Studies on coyote predation in Maine and Nova Scotia during bad winters have found that coyotes can have major, if localized, impacts on deer populations by running them into deep snow. A 1995 study concluded that coyotes account for about 30 percent of Maine’s annual deer mortality. In areas where deer yard up, coyotes can have a devastating impact on a herd.

Still, biologists haven’t found that predation on mature whitetail deer occurs enough to impact most herds. What can have a major impact on whitetail herds is coyote predation on deer in their first few months of life.

Biologists have found that coyotes can be particularly hard on fawns in the Southeast. In South Carolina, for example, a three-year study at the U.S. Forest Service’s Southern Research Station, a 300-square-mile area, found that only 16 of 60 radio-collared fawns lived past nine weeks—just 27 percent of the fawns lived that long. Researchers confirmed that coyotes killed at least 65 percent of those fawns and were probably responsible for 85 percent of the fawns killed. Other studies in the Southeast have found predation rates on fawns to be well over 50 percent.

Most other areas of the country don’t generally seem to be as affected by coyote predation on fawns.

“Results from several Midwestern and Northeastern studies indicate that coyotes are responsible for taking, on average, 10 to 20 percent of fawns,” says Dr. Karl V. Miller, a professor of wildlife ecology and management at the University of Georgia. “This level of fawn predation likely has minimal impact on the overall recruitment rates, particularly in highly productive herds.”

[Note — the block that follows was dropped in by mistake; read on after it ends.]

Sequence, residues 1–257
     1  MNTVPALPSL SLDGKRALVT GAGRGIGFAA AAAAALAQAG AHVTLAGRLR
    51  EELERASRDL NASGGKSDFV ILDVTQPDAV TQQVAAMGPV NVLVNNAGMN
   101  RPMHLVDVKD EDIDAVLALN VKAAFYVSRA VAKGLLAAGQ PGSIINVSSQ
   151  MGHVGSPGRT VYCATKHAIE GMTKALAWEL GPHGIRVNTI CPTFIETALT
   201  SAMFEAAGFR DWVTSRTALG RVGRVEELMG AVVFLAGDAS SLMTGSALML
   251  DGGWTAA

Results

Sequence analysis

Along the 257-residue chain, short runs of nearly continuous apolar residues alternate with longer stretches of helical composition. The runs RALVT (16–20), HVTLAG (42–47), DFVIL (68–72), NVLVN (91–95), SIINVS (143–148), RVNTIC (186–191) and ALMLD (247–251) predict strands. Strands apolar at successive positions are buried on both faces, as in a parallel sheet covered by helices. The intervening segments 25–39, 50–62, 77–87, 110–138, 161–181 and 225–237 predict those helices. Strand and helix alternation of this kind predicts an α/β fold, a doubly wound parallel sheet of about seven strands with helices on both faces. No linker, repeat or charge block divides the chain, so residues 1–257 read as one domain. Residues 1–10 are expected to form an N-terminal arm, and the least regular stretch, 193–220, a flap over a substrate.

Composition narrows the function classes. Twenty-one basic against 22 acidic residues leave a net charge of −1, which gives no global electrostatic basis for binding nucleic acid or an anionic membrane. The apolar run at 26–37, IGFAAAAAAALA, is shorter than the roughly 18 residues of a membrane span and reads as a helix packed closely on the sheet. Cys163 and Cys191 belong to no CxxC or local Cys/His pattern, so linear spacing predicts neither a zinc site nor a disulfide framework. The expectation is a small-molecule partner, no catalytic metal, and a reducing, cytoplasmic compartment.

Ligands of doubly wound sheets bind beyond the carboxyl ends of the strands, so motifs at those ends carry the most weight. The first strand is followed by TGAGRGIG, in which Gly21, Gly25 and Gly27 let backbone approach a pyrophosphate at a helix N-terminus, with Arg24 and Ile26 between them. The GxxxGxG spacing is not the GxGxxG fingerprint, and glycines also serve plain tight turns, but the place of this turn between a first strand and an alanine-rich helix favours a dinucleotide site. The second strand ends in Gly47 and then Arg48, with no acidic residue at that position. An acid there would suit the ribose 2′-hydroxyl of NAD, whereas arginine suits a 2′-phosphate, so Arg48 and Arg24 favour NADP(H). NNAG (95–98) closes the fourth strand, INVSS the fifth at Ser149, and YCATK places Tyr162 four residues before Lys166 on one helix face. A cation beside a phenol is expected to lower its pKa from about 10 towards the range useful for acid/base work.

A comprehensive study of available research by Duane Diefenbach, adjunct professor of wildlife ecology and leader of the Pennsylvania Cooperative Fish and Wildlife Research Unit based at Penn State, found that in the East “an average of one in two [fawns] survives its first three months of life, which is when most mortality occurs. Predation by coyotes, black bears and bobcats accounts for most mortality.”

Though he found that half the fawns are being killed by predators, Diefenbach determined that the number of fawns that survive “generally is adequate to sustain nearly all populations.” He says, “Coyote predation—even at the highest levels reported—is not significant enough to cause deer populations to decline if doe harvests are reduced. In fact, in most places in North America, continued doe harvest is required to stabilize deer populations.”